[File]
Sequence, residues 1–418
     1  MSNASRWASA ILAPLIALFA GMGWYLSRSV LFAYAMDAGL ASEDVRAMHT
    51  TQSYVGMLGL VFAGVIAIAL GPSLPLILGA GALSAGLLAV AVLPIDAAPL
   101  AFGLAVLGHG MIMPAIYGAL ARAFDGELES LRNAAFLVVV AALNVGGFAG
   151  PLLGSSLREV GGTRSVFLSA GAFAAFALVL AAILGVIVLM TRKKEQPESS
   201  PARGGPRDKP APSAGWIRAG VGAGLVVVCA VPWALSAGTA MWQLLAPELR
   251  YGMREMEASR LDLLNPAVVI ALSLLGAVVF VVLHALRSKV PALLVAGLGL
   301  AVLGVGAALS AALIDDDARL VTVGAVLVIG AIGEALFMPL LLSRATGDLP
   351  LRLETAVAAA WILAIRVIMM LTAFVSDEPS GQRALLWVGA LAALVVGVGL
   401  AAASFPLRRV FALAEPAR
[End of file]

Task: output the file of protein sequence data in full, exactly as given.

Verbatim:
Sequence, residues 1–418
     1  MSNASRWASA ILAPLIALFA GMGWYLSRSV LFAYAMDAGL ASEDVRAMHT
    51  TQSYVGMLGL VFAGVIAIAL GPSLPLILGA GALSAGLLAV AVLPIDAAPL
   101  AFGLAVLGHG MIMPAIYGAL ARAFDGELES LRNAAFLVVV AALNVGGFAG
   151  PLLGSSLREV GGTRSVFLSA GAFAAFALVL AAILGVIVLM TRKKEQPESS
   201  PARGGPRDKP APSAGWIRAG VGAGLVVVCA VPWALSAGTA MWQLLAPELR
   251  YGMREMEASR LDLLNPAVVI ALSLLGAVVF VVLHALRSKV PALLVAGLGL
   301  AVLGVGAALS AALIDDDARL VTVGAVLVIG AIGEALFMPL LLSRATGDLP
   351  LRLETAVAAA WILAIRVIMM LTAFVSDEPS GQRALLWVGA LAALVVGVGL
   401  AAASFPLRRV FALAEPAR